The High Holidays
Although the High Holidays themselves--the two days of Rosh Hashanah (the Jewish New Year) and Yom Kippur (the Day of Atonement)--occupy three days only, they lie within a web of liturgy and customs that extend from the beginning of the preceding Hebrew month of Elul through Yom Kippur. The focus of this entire period is the process of teshuvah, or repentance, whereby a Jew admits to sins, asks for forgiveness, and resolves not to repeat the sins. Recognizing the psychological difficulty of self-examination and personal change, the rabbis instituted a 40-day period whose intensity spirals toward its culmination on Yom Kippur, a day devoted entirely to fasting and repentance.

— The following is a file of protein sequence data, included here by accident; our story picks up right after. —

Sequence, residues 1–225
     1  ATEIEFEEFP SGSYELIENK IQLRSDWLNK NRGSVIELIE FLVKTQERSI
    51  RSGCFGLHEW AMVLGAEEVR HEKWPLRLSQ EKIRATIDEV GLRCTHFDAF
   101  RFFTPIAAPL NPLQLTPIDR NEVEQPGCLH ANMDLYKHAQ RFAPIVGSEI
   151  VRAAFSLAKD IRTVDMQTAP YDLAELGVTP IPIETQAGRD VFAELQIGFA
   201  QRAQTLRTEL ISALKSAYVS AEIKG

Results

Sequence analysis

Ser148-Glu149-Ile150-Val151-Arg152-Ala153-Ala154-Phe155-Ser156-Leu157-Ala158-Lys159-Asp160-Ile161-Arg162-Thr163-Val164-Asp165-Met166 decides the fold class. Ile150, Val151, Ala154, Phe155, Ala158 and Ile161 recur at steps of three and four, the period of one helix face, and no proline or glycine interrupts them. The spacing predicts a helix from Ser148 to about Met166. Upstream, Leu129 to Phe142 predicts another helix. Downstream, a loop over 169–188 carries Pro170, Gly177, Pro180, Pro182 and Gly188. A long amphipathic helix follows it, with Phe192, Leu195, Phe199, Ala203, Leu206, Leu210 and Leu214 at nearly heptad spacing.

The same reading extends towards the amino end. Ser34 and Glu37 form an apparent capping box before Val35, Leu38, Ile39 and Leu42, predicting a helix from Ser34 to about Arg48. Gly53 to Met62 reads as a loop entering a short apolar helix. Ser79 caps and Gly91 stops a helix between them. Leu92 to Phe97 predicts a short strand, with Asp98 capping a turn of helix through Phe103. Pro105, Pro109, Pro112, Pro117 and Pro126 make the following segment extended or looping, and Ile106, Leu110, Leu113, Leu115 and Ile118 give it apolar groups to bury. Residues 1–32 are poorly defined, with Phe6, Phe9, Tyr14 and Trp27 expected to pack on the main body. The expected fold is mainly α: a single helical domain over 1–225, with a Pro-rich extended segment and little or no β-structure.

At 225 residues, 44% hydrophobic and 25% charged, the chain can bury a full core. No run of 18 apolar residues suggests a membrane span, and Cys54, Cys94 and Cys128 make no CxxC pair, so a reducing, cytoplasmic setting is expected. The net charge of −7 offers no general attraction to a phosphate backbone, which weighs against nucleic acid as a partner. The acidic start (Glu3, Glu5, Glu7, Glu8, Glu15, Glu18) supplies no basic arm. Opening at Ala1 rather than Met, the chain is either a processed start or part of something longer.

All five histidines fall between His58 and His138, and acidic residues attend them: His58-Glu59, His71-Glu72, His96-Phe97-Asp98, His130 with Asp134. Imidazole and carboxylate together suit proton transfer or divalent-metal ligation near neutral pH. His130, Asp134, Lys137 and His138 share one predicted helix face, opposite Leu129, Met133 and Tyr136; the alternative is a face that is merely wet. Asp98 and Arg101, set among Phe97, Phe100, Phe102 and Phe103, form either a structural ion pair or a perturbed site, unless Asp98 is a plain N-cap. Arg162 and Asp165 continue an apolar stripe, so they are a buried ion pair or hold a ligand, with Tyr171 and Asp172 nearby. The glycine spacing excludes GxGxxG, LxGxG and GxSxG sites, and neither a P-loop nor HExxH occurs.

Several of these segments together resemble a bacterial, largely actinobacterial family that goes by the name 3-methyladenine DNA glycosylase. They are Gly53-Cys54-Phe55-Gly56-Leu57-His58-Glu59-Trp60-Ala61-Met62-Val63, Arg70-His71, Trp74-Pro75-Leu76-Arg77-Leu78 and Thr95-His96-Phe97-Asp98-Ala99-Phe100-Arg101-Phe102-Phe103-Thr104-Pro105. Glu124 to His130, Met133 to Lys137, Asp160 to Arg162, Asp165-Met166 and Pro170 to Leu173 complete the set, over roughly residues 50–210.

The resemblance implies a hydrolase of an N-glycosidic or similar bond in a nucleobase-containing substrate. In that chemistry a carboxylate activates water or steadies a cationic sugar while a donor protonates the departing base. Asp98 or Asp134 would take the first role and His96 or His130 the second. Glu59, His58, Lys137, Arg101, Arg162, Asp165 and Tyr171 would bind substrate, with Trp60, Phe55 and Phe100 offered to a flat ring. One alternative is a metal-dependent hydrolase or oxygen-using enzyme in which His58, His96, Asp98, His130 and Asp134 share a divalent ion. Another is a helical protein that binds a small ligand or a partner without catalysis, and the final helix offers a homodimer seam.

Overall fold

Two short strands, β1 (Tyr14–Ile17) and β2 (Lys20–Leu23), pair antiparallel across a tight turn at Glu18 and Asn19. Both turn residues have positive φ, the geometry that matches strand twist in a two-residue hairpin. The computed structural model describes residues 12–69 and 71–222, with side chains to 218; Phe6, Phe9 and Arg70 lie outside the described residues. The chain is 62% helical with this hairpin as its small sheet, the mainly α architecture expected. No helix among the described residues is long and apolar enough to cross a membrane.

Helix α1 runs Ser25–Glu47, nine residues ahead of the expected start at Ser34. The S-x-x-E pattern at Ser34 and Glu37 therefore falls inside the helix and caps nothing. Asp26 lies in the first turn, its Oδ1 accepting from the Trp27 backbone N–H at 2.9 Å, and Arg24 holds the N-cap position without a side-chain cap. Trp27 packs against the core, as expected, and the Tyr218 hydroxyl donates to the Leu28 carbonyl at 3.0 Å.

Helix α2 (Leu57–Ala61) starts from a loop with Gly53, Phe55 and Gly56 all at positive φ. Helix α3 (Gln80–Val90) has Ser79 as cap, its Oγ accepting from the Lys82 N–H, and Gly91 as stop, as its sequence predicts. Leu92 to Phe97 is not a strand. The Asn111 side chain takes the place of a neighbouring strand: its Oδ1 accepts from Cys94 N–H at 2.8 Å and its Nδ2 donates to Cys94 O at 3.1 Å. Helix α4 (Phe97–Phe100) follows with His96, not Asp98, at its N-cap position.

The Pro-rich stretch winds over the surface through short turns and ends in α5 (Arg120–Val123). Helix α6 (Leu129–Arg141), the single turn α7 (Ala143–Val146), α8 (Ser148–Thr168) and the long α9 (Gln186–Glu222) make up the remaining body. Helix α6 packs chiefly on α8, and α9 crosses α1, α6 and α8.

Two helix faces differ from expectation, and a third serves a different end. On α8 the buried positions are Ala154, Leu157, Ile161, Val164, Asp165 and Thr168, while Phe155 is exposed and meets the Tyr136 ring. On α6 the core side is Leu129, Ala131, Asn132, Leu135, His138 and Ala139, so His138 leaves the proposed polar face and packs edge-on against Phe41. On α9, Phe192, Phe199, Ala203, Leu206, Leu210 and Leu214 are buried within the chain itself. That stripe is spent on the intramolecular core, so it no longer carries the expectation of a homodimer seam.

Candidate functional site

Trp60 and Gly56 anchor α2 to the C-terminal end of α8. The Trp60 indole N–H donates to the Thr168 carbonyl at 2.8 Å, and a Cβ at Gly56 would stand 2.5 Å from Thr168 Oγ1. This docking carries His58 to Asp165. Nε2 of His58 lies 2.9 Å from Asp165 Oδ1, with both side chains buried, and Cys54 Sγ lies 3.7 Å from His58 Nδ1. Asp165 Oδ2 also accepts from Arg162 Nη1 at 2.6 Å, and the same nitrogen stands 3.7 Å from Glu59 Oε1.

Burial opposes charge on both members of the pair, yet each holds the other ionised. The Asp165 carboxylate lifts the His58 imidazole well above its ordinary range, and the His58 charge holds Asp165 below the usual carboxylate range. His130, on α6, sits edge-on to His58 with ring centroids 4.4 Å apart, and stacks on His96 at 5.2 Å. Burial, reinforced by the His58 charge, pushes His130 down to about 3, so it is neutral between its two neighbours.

The Cycle Begins
blown each morning except on the Sabbath, to call upon listeners to begin the difficult process of repentance. Also in Elul special haftarot--prophetic portions--focusing on consolation acknowledge the vulnerability of an individual grappling with personal change. During the week before Rosh Hashanah, intensity increases as traditional Jews begin reciting selichot, prayers that involve confessing sins and requesting God’s forgiveness and help. On the Sabbath before Rosh Hashanah, the selichot are chanted at midnight, rather than their usual early morning hour.
A New Year, a New Start
The culmination of the High Holiday period occurs during the Ten Days of Repentance, which begin on 1 Tishri with Rosh Hashanah and end with Yom Kippur. During this period, human beings have the chance to tip the scales of divine judgment in their favor through repentance, prayer, and tzedakah (performing righteous deeds and giving money to charitable causes).
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